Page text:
vass: A sepia-toned line-drawing of a man in naval uniform dancing a hornpipe, his crotch prominent (Default)

[personal profile] vass 2014-01-09 04:34 am (UTC)(link)
Someone should invent a variant on the Hills Hoist where you can lower it to waist height to hang things up, and then raise it again to above your head while they're drying. It should be mechanical, not electrical, and inexpensive and durable.
lilacsigil: 12 Apostles rocks, text "Rock On" (12 Apostles)

[personal profile] lilacsigil 2014-01-09 06:47 am (UTC)(link)
You'd think it would be pretty easy to do based on the current model!
vass: A sepia-toned line-drawing of a man in naval uniform dancing a hornpipe, his crotch prominent (Default)

[personal profile] vass 2014-01-09 06:58 am (UTC)(link)
The more I think about it, the more I'm surprised it hasn't been done. Elderly people, people with all sorts of balance problems (including cane users,) wheelchair and scooter users, short people, children - hanging out the wet laundry is only an inappropriate chore for young children if they can't reach.
vass: A sepia-toned line-drawing of a man in naval uniform dancing a hornpipe, his crotch prominent (Default)

[personal profile] vass 2014-01-09 02:21 pm (UTC)(link)
That sounds like it might have been fun the first time. Maybe. At most. :/
cesy: "Cesy" - An old-fashioned quill and ink (Default)

[personal profile] cesy 2014-01-10 02:15 pm (UTC)(link)
I've seen laundry hung on a rack of lines that's raised to the ceiling or lowered to a comfy height via pulley. Only works indoors with a ceiling to hang the supports and pulley from, though.

[personal profile] swaldman 2014-01-11 02:35 pm (UTC)(link)
Yes! This is quite common in Scottish tenements, which often have 14' ceilings. Drying time varies wildly with the humidity of the weather, of course. In a modern, well-sealed house, I might wonder about it making the interior damper... but this really isn't a concern in most British housing stock ;-)
geeksdoitbetter: (Default)

[personal profile] geeksdoitbetter 2014-03-25 05:32 pm (UTC)(link)

what does the current Hills Hoist do?

i didn't grow up with line drying and an image search has left me baffled by what the winchy windy handle bit in the middle of the pole does
tangent_woman: (Default)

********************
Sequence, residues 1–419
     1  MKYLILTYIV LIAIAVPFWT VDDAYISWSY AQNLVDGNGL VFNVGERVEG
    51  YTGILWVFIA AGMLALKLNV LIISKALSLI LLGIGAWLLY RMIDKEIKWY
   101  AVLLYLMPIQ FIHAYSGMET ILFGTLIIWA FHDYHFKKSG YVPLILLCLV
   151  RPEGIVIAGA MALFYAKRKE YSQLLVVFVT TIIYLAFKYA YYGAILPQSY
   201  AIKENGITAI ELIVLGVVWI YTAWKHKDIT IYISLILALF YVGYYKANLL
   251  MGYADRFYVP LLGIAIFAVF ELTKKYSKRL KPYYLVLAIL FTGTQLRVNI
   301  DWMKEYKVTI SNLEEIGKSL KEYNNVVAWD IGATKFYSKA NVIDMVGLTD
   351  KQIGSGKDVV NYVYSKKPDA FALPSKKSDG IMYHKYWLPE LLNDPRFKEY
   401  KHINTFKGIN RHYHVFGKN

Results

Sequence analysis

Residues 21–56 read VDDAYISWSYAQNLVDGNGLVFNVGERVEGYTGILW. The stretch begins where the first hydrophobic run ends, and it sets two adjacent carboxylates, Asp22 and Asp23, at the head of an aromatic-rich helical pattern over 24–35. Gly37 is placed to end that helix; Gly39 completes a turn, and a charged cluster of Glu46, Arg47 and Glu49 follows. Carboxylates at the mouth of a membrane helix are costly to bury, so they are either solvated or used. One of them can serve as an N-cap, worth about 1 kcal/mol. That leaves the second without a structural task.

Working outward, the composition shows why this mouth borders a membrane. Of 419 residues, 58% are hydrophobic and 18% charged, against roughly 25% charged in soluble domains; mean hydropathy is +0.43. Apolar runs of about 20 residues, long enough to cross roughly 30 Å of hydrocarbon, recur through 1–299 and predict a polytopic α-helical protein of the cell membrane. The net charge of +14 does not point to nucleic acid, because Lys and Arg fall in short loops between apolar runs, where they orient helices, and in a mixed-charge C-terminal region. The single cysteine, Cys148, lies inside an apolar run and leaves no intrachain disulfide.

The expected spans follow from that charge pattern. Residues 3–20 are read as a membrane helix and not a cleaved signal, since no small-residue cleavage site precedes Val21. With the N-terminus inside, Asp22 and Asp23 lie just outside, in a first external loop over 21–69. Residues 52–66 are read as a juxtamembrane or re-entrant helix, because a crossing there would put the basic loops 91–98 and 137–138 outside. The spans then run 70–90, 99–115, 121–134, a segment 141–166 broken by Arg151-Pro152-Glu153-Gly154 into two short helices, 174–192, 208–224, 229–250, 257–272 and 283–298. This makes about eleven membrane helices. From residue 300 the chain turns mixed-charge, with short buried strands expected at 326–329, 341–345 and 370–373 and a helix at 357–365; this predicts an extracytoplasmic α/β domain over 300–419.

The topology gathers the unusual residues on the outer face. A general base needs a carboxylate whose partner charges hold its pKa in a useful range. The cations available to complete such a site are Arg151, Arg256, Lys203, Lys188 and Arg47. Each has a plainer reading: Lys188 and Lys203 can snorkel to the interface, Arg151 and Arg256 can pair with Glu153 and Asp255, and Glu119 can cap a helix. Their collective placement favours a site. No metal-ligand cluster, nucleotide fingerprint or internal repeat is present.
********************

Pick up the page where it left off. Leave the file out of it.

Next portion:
I need all the efficiency I can get.

[personal profile] tangent_woman 2014-01-09 03:51 am (UTC)(link)
I succumbed to the multiplier factor. My first dryer was a wedding present and lasted fifteen years and three kids. With luck, my current dryer will last as long.

There are six of us, and we use the dryer routinely when we can't keep up with the laundry by line drying, or when drying is particularly time sensitive. There is not enough space in my house to rack-dry my laundry in rainy weather, but when we wash our woolen gear (seldom required), we have rack space for that.

For me, hanging washing to dry requires access to a clothes line, the ability to get the wet laundry to the line, the ability to hang it while still adequately supervising small children and the cooperation of the weather.

Laundry ventilation = open the window.
twistedchick: daffodils in rain, my photo (Default)

[personal profile] twistedchick 2014-01-09 04:26 am (UTC)(link)
I grew up hanging out clothes in all weather, with no dryer -- but where I am now, the climate is humid and, in summer, the humidity stays around 90 percent much of the time. If we are to wear clothing that is not full of mildew and mold -- both of which cause breathing problems for me -- a dryer is a necessity. Not a desirable one -- I would rather live where I could hang clothes out, but that is not possible right now.
Edited 2014-01-09 04:27 (UTC)
terriko: (Default)

[personal profile] terriko 2014-01-09 08:51 am (UTC)(link)